Differing from the 17th (if not 16th) century Troon woods and those modeled in their style, which have 4 pegs in the horn, extended backweights and pointed toe, the AD putter has 3 pegs in the horn, lead relatively flat to the head, and a round toe.  The first two characteristics are shared by other clubs from the 18th century.  For example, on July 14, 2000, Sotheby's offered "An extremely rare early long nosed wood circa 1750" with a £70,000 - £90,000 estimate as lot 575.  This 41" driving putter also had a thick, well-tapered ash shaft, and its rounded head and slightly protruding lead were similar to that of the AD putter. At 1 3/16" and 2 3/8", its face depth and head width was just slightly smaller than that of the AD putter.

The one aspect of this AD putter that remains an enigma is the huge, round, bulbous nature of the head which does not fit into the natural evolution of the head shape that can be seen from the Troon woods to those made by James McEwan and the Cossars, to those made by Tom Morris and Robert Forgan or any other 19th century clubmaker.  Aside from the AD putter, there are only four remaining putters that were clearly made before the end of the 18th century.  As the first written reference to a putter is not found until 1690 (a letter of that date mentions a "short putting club" see The Chronicles of Golf, p. 147), putters were not a mainstay of the 17th and 16th century golfers arsenal, most likely because there was little need for a flat-faced putter.  Three-hundred years ago, what we call a "green" today was simply the small worn area extending just a few feet around the hole.  But as circumstances warranted at some point in the years prior to 1690, a clubmaker devised a new "specialty" club-a putting club-to replace the play club which served double duty by holing out.  Early putters could have been made with a huge, broad head in order to load it with lead, the early clubmaker initially thinking the obvious, that more lead would help propel the feather ball forward on the often rough and uneven terrain.  Despite the clubmaker's best intentions, putters were seldom used until the 1800s. Hoyle's Games Improved published in 1790 lists six clubs as "used by good players," and the putter is not mentioned.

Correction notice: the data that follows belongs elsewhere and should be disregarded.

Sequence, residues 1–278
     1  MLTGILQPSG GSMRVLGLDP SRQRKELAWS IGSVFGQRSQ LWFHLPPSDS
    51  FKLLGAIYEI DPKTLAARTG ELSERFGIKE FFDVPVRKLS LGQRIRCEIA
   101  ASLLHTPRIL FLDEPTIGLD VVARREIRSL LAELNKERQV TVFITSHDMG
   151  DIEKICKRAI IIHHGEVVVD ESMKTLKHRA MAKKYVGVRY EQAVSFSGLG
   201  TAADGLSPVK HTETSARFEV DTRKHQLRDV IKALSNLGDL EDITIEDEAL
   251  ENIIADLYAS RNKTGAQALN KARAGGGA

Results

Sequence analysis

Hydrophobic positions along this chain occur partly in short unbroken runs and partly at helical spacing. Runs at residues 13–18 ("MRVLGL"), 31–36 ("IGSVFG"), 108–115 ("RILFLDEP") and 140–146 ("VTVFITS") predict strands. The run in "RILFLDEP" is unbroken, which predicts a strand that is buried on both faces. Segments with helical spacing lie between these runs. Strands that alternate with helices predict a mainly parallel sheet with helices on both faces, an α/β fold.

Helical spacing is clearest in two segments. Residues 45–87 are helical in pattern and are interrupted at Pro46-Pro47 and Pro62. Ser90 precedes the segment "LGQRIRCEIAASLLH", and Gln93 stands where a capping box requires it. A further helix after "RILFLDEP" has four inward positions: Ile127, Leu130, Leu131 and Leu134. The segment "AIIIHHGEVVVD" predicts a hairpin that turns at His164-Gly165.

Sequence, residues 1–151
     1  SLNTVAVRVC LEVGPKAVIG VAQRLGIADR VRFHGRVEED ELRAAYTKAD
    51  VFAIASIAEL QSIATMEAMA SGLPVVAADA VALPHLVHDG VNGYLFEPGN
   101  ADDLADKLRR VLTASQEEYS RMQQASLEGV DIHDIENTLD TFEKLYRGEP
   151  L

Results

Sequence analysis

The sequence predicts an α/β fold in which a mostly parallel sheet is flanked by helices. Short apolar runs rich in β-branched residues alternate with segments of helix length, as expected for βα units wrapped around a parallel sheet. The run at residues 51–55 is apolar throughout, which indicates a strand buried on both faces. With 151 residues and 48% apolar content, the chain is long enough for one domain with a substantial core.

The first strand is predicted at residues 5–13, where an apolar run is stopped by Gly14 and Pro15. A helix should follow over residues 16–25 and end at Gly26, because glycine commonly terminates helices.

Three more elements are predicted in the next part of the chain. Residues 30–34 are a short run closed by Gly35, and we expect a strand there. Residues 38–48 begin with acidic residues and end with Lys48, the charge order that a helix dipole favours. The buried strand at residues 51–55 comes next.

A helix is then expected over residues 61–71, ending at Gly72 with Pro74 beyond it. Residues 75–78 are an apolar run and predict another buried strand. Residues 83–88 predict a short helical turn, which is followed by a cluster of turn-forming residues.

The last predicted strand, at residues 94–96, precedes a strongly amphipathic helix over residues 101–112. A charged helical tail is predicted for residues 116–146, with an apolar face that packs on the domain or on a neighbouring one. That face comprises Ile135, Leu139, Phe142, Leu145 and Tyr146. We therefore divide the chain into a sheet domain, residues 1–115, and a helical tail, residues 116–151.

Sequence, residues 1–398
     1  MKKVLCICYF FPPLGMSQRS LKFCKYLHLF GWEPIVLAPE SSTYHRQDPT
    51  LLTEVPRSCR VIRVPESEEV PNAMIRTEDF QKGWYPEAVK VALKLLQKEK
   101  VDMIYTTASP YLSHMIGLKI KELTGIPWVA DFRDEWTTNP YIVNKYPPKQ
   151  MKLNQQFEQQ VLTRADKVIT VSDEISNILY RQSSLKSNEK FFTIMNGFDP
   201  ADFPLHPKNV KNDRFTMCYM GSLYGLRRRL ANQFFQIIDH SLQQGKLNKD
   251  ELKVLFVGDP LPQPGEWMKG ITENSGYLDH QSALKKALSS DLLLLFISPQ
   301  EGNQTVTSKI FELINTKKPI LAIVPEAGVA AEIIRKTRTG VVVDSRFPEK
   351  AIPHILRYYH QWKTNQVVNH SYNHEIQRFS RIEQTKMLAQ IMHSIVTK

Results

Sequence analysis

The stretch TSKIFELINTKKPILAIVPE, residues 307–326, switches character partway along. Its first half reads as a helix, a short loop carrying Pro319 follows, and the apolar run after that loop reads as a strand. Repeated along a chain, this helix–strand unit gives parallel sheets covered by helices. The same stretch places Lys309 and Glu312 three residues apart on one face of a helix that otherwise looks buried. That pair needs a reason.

The Dickson Family

In the game of golf, the name "Dickson" goes back to the 17th century.  A 1629 complaint filed with the Privey Council of Scotland identifies William Dickson and Thomas Dickson as golf ball makers.  "The Craft of Shoemakers in Canongate, Edinburgh" minute book lists Johnne Dicksonne, William Dicksonne, and Andro Dicksoun as "Gowff Ball Makers" between 1639 and 1649.   In Golf In The Making (p. 120), Henderson and Stirk refer to a "Leith Church" document that identifies three clubmakers named John Dickson:  John Dickson (1678-1729), the father of John Dickson (1710-1755), the father of John Dickson (1735-1787) who was "buried in Bakers ground '6 paces South from the middle of the Bakers Window'.

The Dickson family's clubmaking prowess was even rhapsodized the 1743 printed poem The Goff, wherein Thomas Mathison refers to a competitor's club as made with the "finest ash shaft" and having a head that was "Pond'rous with lead, and fac'd with horn."  Mathison then states this club was "the work of "Dickson, who in Leitha dwells and in the art of making clubs excels." 

The Dicksons were also associated with royalty. The May 1792 issue of Scotts Magazine (p. 223) refers to an account of the Duke of York (who later became King James II) playing golf on the "Links of Leith with some of the nobility and gentry" in 1681-1682 . This account then quotes "Mr. Tytler of Woodhouselee", as follows: "I remember in my youth to have often conversed with an old man, named Andrew Dickson, a golf club maker, who said, that, when a boy, he used to carry the Duke's golf clubs, and to run before him and announce where the balls fell." 

The McEwan Connection

Born in 1747, James McEwan himself began working as a clubmaker in 1770 only two miles down the road from Leith, in Edinburgh.  As he founded and built what became the longest established clubmaking business in the long nose era, James would have known other clubmakers in his area as well as the reputations of the earlier local clubmakers such as the earlier Dicksons, whose work he needed to match or exceed-if not on occasion repair.  No doubt this knowledge would have been shared with his son Peter (who took over the business after James died in 1800) and passed down to his grandson Douglas (born in 1809 and head of the business from 1834 until his own death in 1886).